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According to the National Organisation of Rare Disorders (NORD), CMN are visible pigmented proliferations in the skin that are present at birth that can cover up to 80 per cent of the body. CMN are a known risk factor for melanoma - a type of cancer that develops from the pigment-containing cells.
“CMN can be light brown to black patches or plaques, can present in variable ways, and cover nearly any size surface area or any part of the body,” NORD states.
Small to medium CMN are predicted to occur in more than one in a 100 births while large and especially giant CMN (covering a a predicted diameter at adult age of at least 20 cm on the body) are estimated to present themselves in around 1 in 50,000 births.
The exhibition, which is being supported by UK CMN charity Caring Matters Now, has been presented throughout 30 different portraits and aims to challenge “conventional perceptions of beauty”.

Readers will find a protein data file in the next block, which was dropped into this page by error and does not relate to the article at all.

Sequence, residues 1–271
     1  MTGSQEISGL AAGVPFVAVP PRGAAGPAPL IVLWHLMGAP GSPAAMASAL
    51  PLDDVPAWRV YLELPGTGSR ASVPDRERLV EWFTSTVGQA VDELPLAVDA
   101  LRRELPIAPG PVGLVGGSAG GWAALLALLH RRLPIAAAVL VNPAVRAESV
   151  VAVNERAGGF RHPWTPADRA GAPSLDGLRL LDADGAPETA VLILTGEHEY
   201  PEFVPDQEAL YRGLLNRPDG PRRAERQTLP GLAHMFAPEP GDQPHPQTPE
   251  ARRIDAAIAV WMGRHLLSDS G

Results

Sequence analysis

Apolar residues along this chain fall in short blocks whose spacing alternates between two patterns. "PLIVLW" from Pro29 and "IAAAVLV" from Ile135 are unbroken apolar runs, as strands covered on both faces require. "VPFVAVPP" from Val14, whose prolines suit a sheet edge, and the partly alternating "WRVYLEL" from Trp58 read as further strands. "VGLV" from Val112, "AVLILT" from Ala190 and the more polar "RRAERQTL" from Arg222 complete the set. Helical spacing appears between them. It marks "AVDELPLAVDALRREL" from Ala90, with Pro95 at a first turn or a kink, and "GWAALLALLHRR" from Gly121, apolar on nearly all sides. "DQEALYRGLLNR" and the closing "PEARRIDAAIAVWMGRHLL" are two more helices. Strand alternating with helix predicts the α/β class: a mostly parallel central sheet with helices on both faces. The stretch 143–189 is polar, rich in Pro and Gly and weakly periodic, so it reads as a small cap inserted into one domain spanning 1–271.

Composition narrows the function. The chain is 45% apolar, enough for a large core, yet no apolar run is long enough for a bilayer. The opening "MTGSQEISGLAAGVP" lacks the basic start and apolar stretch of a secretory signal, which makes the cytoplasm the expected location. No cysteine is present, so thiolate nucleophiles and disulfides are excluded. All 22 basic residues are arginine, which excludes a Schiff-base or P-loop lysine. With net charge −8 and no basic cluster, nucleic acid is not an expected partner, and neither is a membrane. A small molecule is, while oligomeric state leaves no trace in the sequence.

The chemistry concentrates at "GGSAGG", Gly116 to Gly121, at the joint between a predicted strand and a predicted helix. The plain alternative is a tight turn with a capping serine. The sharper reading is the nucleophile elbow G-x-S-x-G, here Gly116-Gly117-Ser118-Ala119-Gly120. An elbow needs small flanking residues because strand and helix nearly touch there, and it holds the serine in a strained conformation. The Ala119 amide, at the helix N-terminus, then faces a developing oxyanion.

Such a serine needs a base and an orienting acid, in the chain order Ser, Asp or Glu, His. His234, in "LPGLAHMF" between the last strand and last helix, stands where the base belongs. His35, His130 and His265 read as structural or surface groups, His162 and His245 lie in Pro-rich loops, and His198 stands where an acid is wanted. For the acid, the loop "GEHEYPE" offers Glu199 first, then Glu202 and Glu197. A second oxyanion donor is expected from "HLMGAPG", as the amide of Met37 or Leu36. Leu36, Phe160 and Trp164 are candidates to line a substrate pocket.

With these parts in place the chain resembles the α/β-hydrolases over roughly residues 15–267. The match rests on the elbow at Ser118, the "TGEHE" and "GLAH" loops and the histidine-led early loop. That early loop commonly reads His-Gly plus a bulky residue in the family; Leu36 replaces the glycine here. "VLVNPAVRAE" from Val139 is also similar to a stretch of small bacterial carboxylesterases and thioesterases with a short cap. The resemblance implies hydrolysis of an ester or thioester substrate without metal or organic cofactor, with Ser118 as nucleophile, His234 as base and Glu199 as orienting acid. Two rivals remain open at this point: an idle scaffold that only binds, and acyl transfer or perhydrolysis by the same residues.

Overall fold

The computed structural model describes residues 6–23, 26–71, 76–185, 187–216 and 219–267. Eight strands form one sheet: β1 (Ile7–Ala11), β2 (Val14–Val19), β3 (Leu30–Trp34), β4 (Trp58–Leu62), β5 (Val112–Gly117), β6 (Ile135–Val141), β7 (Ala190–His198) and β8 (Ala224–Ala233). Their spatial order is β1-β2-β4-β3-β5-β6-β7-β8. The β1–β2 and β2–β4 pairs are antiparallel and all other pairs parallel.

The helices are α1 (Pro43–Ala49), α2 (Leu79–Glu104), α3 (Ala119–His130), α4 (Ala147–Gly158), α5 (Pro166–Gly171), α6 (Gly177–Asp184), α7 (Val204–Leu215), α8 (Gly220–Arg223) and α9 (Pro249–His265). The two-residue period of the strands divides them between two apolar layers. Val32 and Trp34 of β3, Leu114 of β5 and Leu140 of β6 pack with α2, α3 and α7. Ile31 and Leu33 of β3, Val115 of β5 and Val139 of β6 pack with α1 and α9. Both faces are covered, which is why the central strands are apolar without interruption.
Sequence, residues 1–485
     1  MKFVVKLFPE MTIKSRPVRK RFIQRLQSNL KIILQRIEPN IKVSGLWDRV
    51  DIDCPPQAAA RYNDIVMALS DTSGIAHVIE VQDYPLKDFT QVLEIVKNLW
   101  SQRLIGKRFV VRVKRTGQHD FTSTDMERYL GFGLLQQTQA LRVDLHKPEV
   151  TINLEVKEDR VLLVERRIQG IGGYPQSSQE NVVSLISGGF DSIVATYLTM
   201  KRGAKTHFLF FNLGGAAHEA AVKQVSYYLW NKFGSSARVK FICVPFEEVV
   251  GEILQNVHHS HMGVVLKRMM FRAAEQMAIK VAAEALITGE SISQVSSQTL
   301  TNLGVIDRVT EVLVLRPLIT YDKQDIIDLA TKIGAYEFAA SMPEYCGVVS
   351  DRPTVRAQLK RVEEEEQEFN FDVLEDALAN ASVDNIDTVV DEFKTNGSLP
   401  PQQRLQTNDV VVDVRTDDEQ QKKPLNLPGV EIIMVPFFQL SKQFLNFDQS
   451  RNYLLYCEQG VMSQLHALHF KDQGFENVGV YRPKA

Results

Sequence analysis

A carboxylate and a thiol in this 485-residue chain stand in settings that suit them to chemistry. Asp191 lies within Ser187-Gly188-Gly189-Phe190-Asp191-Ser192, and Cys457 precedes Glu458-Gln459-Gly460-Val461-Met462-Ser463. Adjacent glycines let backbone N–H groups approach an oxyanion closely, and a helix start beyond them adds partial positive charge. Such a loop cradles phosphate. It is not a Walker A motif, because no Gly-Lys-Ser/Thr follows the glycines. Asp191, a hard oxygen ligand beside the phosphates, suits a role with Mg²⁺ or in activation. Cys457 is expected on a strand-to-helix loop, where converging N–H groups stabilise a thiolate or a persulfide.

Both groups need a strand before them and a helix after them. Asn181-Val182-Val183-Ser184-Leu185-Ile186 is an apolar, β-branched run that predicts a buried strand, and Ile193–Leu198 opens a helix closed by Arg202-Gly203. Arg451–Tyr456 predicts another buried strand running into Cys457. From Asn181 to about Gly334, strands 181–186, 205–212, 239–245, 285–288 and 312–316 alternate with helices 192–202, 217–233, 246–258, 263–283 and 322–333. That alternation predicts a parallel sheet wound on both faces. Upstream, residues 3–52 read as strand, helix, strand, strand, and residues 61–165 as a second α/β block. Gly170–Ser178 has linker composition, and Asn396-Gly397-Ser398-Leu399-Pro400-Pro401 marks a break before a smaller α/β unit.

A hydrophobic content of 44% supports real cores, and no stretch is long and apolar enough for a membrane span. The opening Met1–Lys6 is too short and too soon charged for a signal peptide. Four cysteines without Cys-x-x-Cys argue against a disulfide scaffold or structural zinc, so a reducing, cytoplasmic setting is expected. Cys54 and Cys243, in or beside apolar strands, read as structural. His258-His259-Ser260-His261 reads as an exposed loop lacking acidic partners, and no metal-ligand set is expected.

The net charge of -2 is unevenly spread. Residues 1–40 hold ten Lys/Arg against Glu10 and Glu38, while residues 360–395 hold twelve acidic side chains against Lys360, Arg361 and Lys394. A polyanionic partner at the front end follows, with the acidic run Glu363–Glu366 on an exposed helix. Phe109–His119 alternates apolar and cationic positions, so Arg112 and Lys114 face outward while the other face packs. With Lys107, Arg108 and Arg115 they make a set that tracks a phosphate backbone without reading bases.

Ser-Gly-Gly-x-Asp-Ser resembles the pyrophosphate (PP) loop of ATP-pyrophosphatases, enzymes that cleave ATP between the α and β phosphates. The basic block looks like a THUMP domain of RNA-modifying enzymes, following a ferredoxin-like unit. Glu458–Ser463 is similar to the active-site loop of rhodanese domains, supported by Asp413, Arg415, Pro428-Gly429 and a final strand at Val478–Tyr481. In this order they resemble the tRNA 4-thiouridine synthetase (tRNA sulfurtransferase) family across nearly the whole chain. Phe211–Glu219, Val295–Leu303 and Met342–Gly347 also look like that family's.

A spokesperson from Caring Matters Now says: “People with CMN often feel isolated due to the rarity of the condition and have to deal with negative comments because of their visible difference, resulting in low self-esteem.”
Models featured in the exhibition include seven-year-old Rosabella Harrison from Southport and 26-year-old Yulianna Yusef from Ukraine.
Several of the individuals photographed for the exhibition have never shown their birthmarks in public before.
“In a world where people work hard to stand out from the crowd, ‘How Do You C Me Now?’ aims to celebrate diversity and educate the public about this rare condition,” a spokesperson from the charity added.
This isn’t the first time the exhibition’s photographer has focussed on physical features of models.
In 2015, Elbank produced a series titled “Beard” which featured 80 bearded models and was exhibited at Somerset House.
Admission to the exhibition is free and will run for 10 days before touring the world.